- Entertainment and Media
Weird Movies to Watch
Weird Movies Don't Have to Be Bad
Different people have different ideas about what constitutes a "weird" movie. My wife, for example, thinks any movie that's not mainstream is strange. On the other hand, I have eclectic cinematic interests, and so a movie has to be surreal or offbeat in some way before I think it's "weird".
Quality matters to me. It's not enough for a movie to be strange; it has to be entertaining in all the normal ways, too. If it's a comedy, it should make me laugh. If it's a horror movie, then it should make me jump in my seat, or, even better, give me the creeps. Some directors would prefer to keep their film odd and disregard the other aspects of movie-making. Suspiria is an example of a movie that's legitimately weird and good, but Eraserhead is weird and un-watchable.
Some directors have made a name of themselves for directing weird movies. Even though I hated Eraserhead, I love David Lynch. He's a legitimate artist with a unique worldview that comes through in his art. Blue Velvet is one of the finest films I've ever seen, for example, and Dune is unjustly maligned.
On the other hand, Tim Burton is a one-note hack. He's made a few good movies, including Beetlejuice, Ed Wood, and Edward Scissorhands, but the bulk of his work is unimaginative repeats of movies he's already made. (I'm thinking about that awful Willy Wonka movie, and the countless other Johnny Depp vehicles that have essentially the same music and storyline...)
Blue Velvet Is One of My Favorite Movies
Blue Velvet Trailer
Surreal Films, Dreams, and Nightmares
When I think of weird movies, one of the defining aspects is surrealism. A movie that is surreal has a dreamlike, fantastic quality to it. Some of the plot elements might not make sense, just like some of the things that happen in your dreams don't make sense.
A good example is David Lynch's Lost Highway. At one point, a particular character becomes another, different character. This would make no sense in your typical Hollywood drama or thriller, but in a film that's meant to be a nightmare, it makes perfect sense. People become different people in your dreams all the time.
Barton Fink is another movie with a nightmarish quality. The John Goodman character is so surreal that I can't even imagine meeting someone like him in real life. And the music and cinematography add to that sense of heightened unreality.
And even though weird movies usually exhibit fantastic characteristics, not all fantasy movies are weird movies. Big, starring Tom Hanks, is a fantasy, but there's nothing weird about it. Lord of the Rings isn't weird either. Time Bandits, on the other hand, is a weird movie. Anyone who has seen all three will know what I mean.
Weird Horror Movies
One of the most common genres where you'll find strange cinema is the horror movie genre. Usually the best horror movies of the lot are the surreal, nightmarish horror movies. Below I've listed some of my favorite weird horror movies.
1. Repulsion - This 1965 Roman Polanski film is about a woman who fears men, and eventually her phobia shatters her mind. Creepy, disturbing, and not to be missed.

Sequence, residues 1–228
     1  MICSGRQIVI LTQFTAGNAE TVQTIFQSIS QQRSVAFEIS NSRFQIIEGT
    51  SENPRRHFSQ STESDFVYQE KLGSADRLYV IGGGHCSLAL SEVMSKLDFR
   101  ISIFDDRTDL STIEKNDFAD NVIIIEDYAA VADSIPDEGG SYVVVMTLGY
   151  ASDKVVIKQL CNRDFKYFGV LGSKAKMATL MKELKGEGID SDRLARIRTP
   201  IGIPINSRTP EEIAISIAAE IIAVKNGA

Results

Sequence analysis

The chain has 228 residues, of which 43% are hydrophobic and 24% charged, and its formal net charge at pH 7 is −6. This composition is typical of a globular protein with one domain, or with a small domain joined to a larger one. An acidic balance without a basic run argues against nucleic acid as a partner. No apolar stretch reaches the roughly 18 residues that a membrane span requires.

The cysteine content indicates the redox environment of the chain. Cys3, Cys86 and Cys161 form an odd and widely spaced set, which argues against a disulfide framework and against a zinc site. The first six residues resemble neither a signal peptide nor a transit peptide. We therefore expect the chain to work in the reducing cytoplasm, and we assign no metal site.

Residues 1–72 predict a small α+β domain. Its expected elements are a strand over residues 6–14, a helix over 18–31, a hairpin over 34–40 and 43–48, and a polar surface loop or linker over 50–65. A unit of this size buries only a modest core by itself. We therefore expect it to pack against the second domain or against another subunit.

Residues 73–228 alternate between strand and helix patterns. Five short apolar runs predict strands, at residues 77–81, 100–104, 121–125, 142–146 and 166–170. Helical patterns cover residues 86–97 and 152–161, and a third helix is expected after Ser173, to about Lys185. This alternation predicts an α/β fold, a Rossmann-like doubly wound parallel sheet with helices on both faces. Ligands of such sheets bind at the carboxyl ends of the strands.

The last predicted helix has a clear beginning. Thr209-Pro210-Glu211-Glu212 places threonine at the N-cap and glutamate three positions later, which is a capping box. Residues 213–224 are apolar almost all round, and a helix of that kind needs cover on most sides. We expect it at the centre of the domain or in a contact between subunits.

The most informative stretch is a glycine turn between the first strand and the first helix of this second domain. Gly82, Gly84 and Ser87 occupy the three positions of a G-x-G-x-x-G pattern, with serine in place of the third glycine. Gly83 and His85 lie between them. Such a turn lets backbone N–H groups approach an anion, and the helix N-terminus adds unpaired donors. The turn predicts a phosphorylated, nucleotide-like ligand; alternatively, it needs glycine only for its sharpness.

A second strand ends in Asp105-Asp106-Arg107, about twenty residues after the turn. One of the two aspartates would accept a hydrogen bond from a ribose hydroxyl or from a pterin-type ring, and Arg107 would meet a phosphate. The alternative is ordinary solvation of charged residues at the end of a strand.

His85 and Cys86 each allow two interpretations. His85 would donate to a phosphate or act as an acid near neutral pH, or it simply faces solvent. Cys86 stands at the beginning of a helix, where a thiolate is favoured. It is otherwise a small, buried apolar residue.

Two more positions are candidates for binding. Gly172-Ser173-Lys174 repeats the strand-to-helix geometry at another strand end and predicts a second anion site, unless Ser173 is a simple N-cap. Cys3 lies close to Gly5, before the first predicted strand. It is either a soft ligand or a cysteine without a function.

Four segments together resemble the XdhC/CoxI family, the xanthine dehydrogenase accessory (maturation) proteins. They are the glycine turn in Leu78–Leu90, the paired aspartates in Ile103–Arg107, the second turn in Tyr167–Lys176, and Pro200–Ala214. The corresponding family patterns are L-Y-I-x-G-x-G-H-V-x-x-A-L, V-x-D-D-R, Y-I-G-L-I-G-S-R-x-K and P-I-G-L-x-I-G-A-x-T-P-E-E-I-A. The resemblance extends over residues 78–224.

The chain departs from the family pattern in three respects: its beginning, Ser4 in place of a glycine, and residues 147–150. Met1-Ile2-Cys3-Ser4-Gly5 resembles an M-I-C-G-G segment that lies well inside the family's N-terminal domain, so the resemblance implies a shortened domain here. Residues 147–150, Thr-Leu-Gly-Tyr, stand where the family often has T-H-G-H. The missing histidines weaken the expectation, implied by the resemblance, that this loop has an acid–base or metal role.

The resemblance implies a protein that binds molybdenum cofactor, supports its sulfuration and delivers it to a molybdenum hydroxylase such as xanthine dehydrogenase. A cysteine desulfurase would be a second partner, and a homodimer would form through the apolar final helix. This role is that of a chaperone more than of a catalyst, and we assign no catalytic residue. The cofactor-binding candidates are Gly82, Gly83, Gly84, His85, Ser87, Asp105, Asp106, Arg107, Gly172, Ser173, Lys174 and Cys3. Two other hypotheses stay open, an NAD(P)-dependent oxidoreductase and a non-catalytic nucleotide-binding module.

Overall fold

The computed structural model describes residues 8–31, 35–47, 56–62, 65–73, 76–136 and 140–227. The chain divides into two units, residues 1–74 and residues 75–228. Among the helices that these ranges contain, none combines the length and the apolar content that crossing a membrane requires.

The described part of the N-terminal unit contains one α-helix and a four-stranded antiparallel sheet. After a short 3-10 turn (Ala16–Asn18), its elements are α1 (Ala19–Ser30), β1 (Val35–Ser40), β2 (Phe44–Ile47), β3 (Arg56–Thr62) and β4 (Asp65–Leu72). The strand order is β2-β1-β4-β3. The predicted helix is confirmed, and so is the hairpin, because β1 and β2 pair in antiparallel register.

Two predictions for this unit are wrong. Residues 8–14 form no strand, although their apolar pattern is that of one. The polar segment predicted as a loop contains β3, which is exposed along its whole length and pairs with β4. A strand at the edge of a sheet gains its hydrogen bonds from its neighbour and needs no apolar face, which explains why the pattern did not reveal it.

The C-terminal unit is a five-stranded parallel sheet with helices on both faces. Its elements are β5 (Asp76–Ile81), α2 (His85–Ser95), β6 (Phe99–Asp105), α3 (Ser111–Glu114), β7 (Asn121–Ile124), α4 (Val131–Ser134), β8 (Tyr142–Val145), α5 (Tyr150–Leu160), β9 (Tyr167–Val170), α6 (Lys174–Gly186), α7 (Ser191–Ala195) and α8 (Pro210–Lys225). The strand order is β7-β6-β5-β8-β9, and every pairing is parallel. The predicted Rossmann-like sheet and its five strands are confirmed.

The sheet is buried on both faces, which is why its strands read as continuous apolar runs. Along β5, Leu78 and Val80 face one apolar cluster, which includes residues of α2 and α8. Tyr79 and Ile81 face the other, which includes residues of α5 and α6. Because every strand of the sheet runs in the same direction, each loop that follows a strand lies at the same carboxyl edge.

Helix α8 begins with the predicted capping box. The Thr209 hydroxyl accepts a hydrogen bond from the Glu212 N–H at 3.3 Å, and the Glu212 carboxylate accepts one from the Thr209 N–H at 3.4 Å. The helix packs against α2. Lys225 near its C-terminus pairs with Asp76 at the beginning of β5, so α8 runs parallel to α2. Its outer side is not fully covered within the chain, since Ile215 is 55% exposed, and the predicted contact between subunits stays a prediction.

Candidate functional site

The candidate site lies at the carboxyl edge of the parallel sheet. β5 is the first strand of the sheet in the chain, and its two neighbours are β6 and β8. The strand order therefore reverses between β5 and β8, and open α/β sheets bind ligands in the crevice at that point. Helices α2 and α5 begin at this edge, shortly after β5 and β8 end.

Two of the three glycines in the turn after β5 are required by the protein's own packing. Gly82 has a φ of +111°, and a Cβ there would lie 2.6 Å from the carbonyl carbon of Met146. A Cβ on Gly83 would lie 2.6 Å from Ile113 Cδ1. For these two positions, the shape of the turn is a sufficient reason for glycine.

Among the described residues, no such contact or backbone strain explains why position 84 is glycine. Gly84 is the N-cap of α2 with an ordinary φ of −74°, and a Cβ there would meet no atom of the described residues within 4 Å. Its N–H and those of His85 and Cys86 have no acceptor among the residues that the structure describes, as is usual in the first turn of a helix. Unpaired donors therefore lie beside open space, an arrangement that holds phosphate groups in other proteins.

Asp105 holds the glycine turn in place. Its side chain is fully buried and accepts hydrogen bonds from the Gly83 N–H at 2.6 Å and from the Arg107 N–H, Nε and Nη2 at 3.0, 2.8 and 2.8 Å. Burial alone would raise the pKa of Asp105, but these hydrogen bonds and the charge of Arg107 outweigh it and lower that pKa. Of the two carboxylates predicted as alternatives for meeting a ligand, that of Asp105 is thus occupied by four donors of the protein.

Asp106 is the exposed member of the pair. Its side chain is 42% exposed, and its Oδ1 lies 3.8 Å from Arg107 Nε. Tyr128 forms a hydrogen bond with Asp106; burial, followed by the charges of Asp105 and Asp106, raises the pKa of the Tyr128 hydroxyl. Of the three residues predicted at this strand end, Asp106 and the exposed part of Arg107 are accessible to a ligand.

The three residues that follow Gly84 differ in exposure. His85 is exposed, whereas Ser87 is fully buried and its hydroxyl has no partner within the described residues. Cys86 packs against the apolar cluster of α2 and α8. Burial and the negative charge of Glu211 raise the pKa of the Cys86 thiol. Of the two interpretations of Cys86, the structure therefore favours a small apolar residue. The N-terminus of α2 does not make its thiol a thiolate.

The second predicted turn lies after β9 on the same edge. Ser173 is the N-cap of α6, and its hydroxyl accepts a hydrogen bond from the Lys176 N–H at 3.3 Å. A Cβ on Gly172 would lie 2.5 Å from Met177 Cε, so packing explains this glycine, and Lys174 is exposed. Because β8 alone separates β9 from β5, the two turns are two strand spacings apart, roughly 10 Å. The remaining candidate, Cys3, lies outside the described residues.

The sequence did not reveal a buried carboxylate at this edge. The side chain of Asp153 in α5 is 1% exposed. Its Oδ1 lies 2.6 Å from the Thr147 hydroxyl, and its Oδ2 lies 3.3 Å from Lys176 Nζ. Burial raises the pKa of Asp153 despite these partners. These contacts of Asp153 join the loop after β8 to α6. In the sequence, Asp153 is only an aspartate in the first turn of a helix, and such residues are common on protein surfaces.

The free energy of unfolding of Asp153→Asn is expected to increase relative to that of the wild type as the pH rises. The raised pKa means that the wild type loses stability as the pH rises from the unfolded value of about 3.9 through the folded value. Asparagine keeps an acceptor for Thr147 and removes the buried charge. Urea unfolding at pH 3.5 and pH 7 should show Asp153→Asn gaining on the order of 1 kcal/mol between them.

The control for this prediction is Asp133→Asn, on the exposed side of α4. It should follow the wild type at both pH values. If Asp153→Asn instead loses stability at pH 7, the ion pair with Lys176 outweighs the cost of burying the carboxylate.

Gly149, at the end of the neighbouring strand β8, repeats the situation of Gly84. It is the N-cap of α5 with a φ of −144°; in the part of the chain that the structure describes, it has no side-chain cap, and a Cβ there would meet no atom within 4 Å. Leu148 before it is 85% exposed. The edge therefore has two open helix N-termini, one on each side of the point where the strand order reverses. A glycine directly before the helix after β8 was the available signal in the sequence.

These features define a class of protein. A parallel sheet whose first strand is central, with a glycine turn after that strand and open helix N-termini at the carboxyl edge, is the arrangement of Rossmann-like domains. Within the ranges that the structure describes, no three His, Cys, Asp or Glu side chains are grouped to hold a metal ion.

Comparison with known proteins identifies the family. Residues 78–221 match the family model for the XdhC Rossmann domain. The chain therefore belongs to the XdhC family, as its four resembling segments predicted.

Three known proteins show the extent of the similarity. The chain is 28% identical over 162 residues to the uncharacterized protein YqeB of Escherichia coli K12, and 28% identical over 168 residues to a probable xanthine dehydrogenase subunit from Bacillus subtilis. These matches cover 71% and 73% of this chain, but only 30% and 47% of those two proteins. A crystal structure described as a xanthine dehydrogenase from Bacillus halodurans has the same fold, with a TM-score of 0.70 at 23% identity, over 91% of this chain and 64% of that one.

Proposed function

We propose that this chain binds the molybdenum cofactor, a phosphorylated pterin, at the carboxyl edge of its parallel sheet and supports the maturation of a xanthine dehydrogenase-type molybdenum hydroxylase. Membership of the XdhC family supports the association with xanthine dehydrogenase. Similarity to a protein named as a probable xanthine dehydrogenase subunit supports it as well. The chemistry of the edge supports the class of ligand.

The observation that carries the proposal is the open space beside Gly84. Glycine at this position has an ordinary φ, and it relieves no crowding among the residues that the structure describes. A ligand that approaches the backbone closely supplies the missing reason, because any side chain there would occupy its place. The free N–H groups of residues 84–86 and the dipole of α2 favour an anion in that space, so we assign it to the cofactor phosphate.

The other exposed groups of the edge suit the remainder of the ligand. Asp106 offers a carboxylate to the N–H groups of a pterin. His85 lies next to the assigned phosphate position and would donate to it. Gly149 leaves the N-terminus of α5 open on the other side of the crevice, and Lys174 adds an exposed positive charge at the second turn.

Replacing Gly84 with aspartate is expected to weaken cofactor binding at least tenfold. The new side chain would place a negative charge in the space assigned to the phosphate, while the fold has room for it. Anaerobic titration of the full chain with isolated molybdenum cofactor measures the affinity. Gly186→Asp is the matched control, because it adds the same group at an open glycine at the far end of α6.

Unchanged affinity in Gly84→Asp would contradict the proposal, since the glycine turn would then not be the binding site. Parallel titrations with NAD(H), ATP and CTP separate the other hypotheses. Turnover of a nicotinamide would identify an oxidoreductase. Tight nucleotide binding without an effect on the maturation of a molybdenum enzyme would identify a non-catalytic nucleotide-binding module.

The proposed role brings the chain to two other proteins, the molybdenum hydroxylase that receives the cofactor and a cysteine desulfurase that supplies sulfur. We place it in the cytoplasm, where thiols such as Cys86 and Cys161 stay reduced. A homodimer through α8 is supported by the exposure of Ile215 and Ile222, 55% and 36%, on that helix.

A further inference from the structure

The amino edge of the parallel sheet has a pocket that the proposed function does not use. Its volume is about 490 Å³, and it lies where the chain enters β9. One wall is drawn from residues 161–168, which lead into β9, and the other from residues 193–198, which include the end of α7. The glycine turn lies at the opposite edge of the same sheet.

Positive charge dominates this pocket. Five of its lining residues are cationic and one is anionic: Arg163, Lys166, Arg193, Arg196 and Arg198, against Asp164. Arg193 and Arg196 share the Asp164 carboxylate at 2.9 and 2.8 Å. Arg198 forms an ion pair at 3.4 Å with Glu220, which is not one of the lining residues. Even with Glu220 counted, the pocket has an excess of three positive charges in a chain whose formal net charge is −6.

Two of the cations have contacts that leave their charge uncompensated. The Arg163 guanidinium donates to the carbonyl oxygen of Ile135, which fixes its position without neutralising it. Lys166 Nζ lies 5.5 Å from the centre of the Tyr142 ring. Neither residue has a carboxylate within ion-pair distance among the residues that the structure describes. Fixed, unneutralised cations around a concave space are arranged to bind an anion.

2. The Wicker Man - Be sure to see the 1973 original starring Christopher Lee and Edward Woodward. The Wicker Man has been called the Citizen Kane of horror films. It lacks the textural depth that Citizen Kane displays, but it's a fine horror movie, and The Wicker Man is definitely surreal.
3. Suspiria - Dario Argento is an Italian horror director, and Suspiria is one of his best-known and most celebrated films. Notice his use of primary colors, which give the entire film a sheen of unreality. Finding a copy might be tricky, as the DVD is out of print, but you can watch it on Netflix.
If you have suggestions for additional weird horror movies to include on the list, please let me know about them in the comments.
Screenshot from The Wicker Man (1973)
The Trailer for Pale Rider
One of my favorite movie genres is the "weird western." The weird west is a term used to describe movies (or other art forms) in which the wild west genre is melded with another genre--usually horror, fantasy, or science fiction. The Deadlands roleplaying game is the most notable example of this genre, but it's well-represented by some movies too. Some of those include:
1. Pale Rider - This Clint Eastwood film is a loose remake of the classic western Shane, but the strong implication is that the unnamed Eastwood character is supernatural in origin. Much of the movie is straight-up wild west action, but the little hint of the supernatural adds a depth to the film that many westerns lack.
2. High Plains Drifter - A drifter wanders into the town of Llago. He's hired by the town to protect them from some bad guys. The drifter turns out to be more mysterious than just a wandering gunfighter.
3. Jonah Hex - This one's more recent, and it's based on the DC Comics character. Jonah Hex is an antihero with a horribly scarred face. The movie's plot involves at least one reanimated corpse.